Chief Compliance Officers Now Targeted For Data Breaches

November 13, 2015
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The Securities and Exchange Commission (SEC) has made it clear that cybersecurity is a top priority. In a series of recent speeches, officials have focused attention on chief compliance officers and emphasized that chief compliance officers may be in the agency’s crosshairs when breaches occur.

As previously discussed on the Scarinci Hollenbeck’s Business Law News Blog, the SEC announced that it plans to conduct a second round of cybersecurity compliance exams in the near future. Issues of concern include governance and risk assessment, access rights and controls, data loss prevention, vendor management, training, and incident response.

The Securities and Exchange Commission (SEC) has made it clear that cybersecurity is a top priority. In a series of recent speeches, officials have focused attention on chief compliance officers and emphasized that chief compliance officers may in the agency’s crosshairs when breaches occur.In September, the SEC brought and settled charges against R.T. Jones Capital Equities Management. The agency alleged that the adviser failed to establish the required cybersecurity policies and procedures in advance of a breach that compromised the personally identifiable information of approximately 100,000 individuals. While financial firms will largely face liability for cybersecurity compliance failures, CCOs who shirk their duties could themselves also be on the receiving end of an enforcement action.

In remarks at the NRS 30th Annual Fall Investment Adviser and Broker-Dealer Compliance Conference, SEC Chief of Staff Andrew J. Donohue stated that the agency would continue to bring enforcement actions against compliance officers when appropriate. He specifically highlighted that chief compliance officers that wholly fail to carry out their responsibility to implement compliance programs and policies, including those involving cybersecurity and data privacy, could face an SEC enforcement action. However, he also reiterated the agency’s position that the agency does “not bring cases based on second guessing compliance officers’ good faith judgments.”

In an October 16 speech, SEC Chair Mary Jo White further reiterated the importance of cybersecurity measures, noting that advisers are encouraged to assess their “ability to prevent, detect and respond to attacks in light of their compliance obligations under the federal securities laws.” She further stated:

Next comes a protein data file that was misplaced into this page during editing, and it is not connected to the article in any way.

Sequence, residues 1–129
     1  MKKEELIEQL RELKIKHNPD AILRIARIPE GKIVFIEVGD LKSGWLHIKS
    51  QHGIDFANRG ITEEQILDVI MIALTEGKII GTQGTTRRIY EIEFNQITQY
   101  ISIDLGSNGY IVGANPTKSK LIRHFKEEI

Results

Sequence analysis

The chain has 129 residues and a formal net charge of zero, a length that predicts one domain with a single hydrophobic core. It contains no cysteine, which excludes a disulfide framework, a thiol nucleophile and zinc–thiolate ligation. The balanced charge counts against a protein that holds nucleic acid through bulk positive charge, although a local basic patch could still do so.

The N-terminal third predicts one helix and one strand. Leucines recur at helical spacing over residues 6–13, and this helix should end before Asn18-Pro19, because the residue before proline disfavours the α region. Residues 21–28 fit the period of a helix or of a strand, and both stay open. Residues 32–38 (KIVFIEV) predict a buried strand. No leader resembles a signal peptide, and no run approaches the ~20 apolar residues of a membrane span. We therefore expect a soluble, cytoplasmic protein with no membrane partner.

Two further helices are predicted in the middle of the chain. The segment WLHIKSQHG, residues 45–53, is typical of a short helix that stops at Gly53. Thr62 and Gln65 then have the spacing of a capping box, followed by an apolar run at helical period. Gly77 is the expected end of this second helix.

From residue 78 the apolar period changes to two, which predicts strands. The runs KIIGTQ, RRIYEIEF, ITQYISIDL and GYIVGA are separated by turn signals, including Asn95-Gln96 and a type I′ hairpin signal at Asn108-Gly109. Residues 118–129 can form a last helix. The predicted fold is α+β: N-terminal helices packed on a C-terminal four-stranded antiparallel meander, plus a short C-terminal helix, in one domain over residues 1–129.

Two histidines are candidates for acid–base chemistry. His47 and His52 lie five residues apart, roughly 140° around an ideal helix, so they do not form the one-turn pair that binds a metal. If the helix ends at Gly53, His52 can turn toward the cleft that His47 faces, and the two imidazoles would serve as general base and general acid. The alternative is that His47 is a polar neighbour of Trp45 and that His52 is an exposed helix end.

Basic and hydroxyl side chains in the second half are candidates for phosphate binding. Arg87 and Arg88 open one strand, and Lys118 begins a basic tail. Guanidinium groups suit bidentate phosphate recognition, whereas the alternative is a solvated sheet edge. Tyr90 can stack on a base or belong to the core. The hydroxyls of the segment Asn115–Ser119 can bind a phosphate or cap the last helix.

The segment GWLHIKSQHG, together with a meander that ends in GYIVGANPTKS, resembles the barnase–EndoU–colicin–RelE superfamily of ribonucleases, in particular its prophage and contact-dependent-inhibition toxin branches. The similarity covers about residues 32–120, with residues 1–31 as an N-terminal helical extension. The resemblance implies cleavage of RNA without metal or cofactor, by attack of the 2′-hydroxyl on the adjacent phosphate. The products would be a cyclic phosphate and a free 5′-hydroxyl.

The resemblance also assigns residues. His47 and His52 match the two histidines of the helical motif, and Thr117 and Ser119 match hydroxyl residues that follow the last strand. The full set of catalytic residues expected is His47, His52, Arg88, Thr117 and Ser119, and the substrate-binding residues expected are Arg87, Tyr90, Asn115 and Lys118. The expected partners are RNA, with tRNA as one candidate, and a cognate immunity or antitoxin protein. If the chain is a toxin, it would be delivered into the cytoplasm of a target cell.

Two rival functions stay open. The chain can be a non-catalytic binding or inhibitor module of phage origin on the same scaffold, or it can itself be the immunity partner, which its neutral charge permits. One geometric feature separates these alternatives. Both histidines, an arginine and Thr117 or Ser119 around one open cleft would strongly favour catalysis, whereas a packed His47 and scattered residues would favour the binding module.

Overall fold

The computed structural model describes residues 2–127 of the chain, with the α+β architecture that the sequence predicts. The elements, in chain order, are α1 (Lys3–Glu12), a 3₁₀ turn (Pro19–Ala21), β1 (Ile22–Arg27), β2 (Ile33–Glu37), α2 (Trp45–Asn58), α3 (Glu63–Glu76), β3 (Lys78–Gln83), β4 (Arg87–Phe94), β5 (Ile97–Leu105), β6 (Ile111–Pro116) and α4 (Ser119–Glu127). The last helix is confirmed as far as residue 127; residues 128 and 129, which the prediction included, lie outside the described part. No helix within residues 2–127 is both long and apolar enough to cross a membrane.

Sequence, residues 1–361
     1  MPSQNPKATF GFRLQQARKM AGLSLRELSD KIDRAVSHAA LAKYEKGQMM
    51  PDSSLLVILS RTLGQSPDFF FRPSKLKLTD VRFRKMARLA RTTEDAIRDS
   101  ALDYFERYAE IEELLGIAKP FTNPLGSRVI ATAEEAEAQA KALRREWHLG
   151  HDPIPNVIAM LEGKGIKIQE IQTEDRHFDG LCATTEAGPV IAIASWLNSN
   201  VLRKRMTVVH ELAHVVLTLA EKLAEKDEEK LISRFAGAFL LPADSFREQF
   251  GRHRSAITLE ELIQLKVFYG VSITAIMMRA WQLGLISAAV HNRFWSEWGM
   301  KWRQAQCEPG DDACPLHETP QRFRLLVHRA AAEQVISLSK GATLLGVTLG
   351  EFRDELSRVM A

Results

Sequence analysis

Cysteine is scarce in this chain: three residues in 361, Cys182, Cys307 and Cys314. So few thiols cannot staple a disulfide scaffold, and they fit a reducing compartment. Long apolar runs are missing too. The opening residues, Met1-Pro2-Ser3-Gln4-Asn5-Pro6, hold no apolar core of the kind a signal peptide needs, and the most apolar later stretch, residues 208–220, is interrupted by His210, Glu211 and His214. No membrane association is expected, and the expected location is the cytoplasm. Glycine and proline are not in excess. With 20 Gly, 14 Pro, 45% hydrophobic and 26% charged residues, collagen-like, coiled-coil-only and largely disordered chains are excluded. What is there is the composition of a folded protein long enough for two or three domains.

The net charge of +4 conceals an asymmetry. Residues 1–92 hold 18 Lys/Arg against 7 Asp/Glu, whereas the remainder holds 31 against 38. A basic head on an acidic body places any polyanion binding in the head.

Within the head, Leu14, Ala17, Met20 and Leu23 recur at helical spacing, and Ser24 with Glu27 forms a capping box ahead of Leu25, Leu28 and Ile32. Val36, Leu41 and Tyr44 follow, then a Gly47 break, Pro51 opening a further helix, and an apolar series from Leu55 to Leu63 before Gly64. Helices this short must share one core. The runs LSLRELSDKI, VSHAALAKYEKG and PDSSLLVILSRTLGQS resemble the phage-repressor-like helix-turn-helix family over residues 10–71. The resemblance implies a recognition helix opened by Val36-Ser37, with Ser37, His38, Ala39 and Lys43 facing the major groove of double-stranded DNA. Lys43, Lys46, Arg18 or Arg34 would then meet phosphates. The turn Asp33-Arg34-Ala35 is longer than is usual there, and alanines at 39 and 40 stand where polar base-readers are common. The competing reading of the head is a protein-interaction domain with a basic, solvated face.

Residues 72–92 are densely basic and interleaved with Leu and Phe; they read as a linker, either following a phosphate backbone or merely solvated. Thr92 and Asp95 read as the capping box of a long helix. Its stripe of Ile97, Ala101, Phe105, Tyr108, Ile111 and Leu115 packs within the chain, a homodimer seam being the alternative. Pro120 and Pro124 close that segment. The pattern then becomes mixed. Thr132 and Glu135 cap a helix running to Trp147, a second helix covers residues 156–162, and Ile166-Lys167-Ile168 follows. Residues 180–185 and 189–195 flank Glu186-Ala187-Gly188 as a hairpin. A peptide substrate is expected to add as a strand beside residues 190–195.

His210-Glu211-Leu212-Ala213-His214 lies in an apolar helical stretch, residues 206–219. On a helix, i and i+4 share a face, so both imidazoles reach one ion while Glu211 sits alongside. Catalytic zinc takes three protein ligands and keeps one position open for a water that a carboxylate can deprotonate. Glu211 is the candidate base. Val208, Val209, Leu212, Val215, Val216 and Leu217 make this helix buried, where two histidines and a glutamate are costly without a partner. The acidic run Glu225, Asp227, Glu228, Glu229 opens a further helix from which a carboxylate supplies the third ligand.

Cybersecurity is the shared responsibility of all regulators and market participants, including investment advisers, to guard the broader financial system against intrusions. While cybersecurity attacks cannot be entirely eliminated, it is incumbent upon private fund advisers to employ robust, state-of-the-art plans to prevent, detect, and respond to such intrusions.

The bottom-line is that chief compliance officers must be proactive when addressing cybersecurity. As a starting point, regulated financial firms should consult the SEC’s Cybersecurity Guidance issued earlier this year. It advises that all firms should take the following compliance steps:

1.) Conduct a periodic assessment of: (1) the nature, sensitivity and location of information that the firm collects, processes and/or stores, and the technology systems it uses; (2) internal and external cybersecurity threats to and vulnerabilities of the firm’s information and technology systems; (3) security controls and processes currently in place; (4) the impact should the information or technology systems become compromised; and (5) the effectiveness of the governance structure for the management of cybersecurity risk. An effective assessment would assist in identifying potential cybersecurity threats and vulnerabilities so as to better prioritize and mitigate risk.

2.) Create a strategy that is designed to prevent, detect and respond to cybersecurity threats. Such a strategy could include: (1) controlling access to various systems and data via management of user credentials, authentication and authorization methods, firewalls and/or perimeter defenses, tiered access to sensitive information and network resources, network segregation, and system hardening; (2) data encryption; (3) protecting against the loss or exfiltration of sensitive data by restricting the use of removable storage media and deploying software that monitors technology systems for unauthorized intrusions, the loss or exfiltration of sensitive data, or other unusual events; (4) data backup and retrieval; and (5) the development of an incident response plan. Routine testing of strategies could also enhance the effectiveness of any strategy.

Implement the strategy through written policies and procedures and training that provide guidance to officers and employees concerning applicable threats and measures to prevent, detect and respond to such threats, and that monitor compliance with cybersecurity policies and procedures. Firms may also wish to educate investors and clients about how to reduce their exposure to cyber security threats concerning their accounts.

If you have any questions about the Cybersecurity Information Act  please contact me, Fernando M. Pinguelo


Additional information and resources:

Cyber Security & Data Protection Law Group: https://scarincihollenbeck.com/practices/cyber-security-and-data-protection/

Crisis & Risk Management: https://scarincihollenbeck.com/practices/crisis-risk-management/

eDiscovery: https://scarincihollenbeck.com/practices/e-discovery/

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